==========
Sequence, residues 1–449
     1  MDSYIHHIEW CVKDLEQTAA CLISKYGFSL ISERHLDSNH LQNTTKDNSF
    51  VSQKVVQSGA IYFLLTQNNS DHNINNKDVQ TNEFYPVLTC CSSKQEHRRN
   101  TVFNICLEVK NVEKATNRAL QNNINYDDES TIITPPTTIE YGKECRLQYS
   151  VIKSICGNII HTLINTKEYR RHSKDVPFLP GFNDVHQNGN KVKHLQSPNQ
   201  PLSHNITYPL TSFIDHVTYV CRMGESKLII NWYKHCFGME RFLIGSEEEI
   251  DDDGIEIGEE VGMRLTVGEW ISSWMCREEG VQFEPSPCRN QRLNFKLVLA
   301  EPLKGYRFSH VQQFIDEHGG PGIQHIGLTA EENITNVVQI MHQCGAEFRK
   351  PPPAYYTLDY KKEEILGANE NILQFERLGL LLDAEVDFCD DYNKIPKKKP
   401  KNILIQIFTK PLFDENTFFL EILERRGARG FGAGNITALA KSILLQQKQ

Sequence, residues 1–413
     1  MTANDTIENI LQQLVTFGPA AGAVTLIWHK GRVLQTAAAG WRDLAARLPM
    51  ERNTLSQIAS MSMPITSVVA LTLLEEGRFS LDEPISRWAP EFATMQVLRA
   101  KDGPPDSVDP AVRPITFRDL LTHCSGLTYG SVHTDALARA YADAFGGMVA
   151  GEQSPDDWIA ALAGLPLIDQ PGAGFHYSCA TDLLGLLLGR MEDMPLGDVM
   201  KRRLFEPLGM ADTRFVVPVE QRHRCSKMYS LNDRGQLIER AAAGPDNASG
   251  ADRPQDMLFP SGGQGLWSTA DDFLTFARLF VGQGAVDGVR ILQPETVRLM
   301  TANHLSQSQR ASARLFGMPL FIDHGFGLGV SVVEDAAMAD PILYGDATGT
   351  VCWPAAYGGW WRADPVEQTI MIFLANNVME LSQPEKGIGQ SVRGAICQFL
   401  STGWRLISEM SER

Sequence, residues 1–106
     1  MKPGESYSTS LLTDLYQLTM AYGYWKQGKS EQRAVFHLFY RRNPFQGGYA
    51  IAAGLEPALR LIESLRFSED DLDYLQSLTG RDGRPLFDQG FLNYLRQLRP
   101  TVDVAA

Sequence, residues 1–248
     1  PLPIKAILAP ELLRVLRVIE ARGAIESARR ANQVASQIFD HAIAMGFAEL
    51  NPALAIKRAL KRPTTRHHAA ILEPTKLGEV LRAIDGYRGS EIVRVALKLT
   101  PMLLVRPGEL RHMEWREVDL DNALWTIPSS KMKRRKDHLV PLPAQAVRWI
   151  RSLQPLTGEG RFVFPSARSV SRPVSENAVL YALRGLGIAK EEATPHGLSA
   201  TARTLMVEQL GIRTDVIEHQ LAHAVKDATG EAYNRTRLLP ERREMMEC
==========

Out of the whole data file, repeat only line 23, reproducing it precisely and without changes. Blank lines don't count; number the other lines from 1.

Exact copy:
    51  IAAGLEPALR LIESLRFSED DLDYLQSLTG RDGRPLFDQG FLNYLRQLRP